The Bankruptcy Alphabet: “B” is for the “Benefits of Chapter 13”

March 21, 2012

Potential clients often ask me why anyone would want to file a Chapter 13, if they are otherwise eligible to file a Chapter 7. There are many advantages in Chapter 13 that don’t exist in Chapter 7. While some people may not need those advantages, for others those advantages are essential to achieving a fresh start.

The following are some of the advantages of Chapter 13:

  • Debts which one was orderd to pay as part of the property settlement in a divorce can be discharged
  • A house can be saved from from foreclosure or a car saved from repossession
  • Penalties owed to taxing authorities can be discharged, even if the underlying tax is not dischargeable
  • Homeowners association dues can be discharged
  • Bankruptcy attorney’s fees can be paid over time
  • A tax sale can be stopped, and the tax can be repaid as part of the Chapter 13 plan
  • The loans on rental property, cars, boats and vacation homes can be modified, without the bank’s consent
  • In certain circumstances a second or third mortgage on a home can be removed
  • A debtor can continue to operate their business

There are also some clients who just want to try to repay what they can, but don’t want to be obligated to repay more than they can afford. For those people, Chapter 13 may also be a good choice.  Is Chapter 13 right for you?  Contact a qualified bankruptcy attorney to find out.

See what lawyers around the country have to say on the letter “B”:

The Bankruptcy Alphabet: “A” is for attachment

March 19, 2012

This is my first article in the “Bankruptcy Alphabet” series. I have decided to begin the series discussing wage attachments. I frequently receive calls from potential clients after a creditor has attached his or her paycheck. This can be a devasating situation. Many people are living paycheck-to-paycheck these days, and every penny counts. The good news is that, in most cases, filing a bankruptcy petition will stop a wage attachment.

Once a bankruptcy petition is filed, the court issues an order which stops creditors from taking any further action to collect their debts. It is important to remember that a bankruptcy petition will not stop your wages from being attached to pay ongoing child support or alimony payments.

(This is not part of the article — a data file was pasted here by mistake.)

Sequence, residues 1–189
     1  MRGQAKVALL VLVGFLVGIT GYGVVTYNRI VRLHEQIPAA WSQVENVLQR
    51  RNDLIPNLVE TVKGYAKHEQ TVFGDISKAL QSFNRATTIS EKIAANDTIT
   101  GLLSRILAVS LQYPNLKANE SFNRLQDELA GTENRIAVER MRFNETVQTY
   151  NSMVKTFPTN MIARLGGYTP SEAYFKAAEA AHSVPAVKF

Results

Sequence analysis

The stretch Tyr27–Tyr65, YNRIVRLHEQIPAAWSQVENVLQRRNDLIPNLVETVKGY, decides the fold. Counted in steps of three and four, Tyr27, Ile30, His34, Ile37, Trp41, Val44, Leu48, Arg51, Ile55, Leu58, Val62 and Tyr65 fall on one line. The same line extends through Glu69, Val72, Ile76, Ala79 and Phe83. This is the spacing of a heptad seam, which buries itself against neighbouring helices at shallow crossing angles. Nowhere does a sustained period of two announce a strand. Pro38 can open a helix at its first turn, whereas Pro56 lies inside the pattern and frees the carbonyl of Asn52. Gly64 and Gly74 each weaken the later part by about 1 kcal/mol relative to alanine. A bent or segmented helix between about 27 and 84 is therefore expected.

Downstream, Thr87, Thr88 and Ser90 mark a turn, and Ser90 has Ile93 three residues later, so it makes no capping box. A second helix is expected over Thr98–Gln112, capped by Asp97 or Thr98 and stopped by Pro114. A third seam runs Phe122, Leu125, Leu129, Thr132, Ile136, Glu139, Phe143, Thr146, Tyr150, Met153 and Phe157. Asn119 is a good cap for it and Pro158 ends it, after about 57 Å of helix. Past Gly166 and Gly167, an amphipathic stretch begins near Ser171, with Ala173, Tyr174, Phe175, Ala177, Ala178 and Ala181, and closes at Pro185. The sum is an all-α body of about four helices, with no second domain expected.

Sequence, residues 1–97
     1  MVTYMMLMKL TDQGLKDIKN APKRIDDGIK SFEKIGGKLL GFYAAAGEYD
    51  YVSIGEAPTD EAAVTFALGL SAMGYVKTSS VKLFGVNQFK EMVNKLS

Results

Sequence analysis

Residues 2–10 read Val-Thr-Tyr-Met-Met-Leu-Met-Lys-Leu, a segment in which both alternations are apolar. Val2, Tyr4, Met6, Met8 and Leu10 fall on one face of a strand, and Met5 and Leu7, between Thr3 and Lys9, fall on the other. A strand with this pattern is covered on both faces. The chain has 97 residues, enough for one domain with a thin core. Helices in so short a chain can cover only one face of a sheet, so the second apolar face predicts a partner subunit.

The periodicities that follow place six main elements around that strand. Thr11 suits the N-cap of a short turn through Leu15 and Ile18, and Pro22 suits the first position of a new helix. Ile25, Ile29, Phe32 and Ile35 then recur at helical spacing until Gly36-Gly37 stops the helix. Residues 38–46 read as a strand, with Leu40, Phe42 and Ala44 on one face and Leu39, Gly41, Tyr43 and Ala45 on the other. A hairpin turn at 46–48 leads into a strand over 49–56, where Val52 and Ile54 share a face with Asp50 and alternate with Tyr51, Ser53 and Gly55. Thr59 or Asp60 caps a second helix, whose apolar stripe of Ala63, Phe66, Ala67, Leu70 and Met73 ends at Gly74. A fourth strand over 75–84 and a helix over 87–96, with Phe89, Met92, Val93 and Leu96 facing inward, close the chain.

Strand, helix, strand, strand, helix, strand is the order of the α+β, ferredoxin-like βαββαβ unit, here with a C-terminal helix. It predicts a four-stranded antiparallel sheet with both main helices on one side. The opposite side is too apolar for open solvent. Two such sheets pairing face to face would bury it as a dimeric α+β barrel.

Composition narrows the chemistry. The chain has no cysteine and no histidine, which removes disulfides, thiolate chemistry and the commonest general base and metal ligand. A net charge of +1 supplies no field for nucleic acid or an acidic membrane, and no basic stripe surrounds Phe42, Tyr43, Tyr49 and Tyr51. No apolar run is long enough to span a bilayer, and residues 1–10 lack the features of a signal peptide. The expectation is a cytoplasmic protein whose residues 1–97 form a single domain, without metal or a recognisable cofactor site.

If you receive notification that your wages have been attached, you should contact a competent bankruptcy attorney right away. The sooner you seek help, the sooner you can stop the wage attachment. It may even be possible for your attorney to recover any money your employer sent to the creditor before the bankruptcy petition was filed.

Read what other lawyers have to say about the letter “A”:

What is a Chapter 13 bankruptcy?

March 11, 2012

A Chapter 13 bankruptcy is a reorganization.  Only individuals (not corporations) can file a Chapter 13 bankruptcy.  One of the common misconceptions about Chapter 13 is that all of the debt must be repaid.  This is not true.  In order to have the Chapter 13 plan confirmed (approved by the court), a certain amount of your debt must be repaid.  That amount may be determined by your budget, the nature of your debt, or the value of assets you would like to keep.  Replayment plans in Chapter 13 last anywhere from 36 to 60 months.

Do I really need a lawyer to file for bankruptcy?

March 1, 2012

In this difficult economy gathering the funds to hire an attorney can be a tough thing to do.  However, trying to file your own bankruptcy is like trying to remove your own appendix.

Before you consider filing your own bankruptcy you should ask yourself the following questions:

  •  What exemption laws apply to me?
  • Do I understand my district’s document production requirements?
  • Am I familiar with the issues surrounding reaffirming debt?
  • What happens if I discover a mistake on my petition after my case is filed?
  • What will be expected of me at court?
  • Do I thoroughly understand the various chapters of bankruptcy and the relief that is available under each?
  • Do I understand the role of the trustee and the Office of the United States Trustee?

If you cannot answer each of the above questions with “Yes”, you should not even consider trying to represent yourself.

Each year I am contacted by people who thought they could handle this process themself.  Instead the mess they created costs them more to fix than if they had just paid an attorney to do it right the first time.  In some cases the mistakes cannot be fixed.  A mistake in bankruptcy can cost someone a home or a car that they had hoped to keep.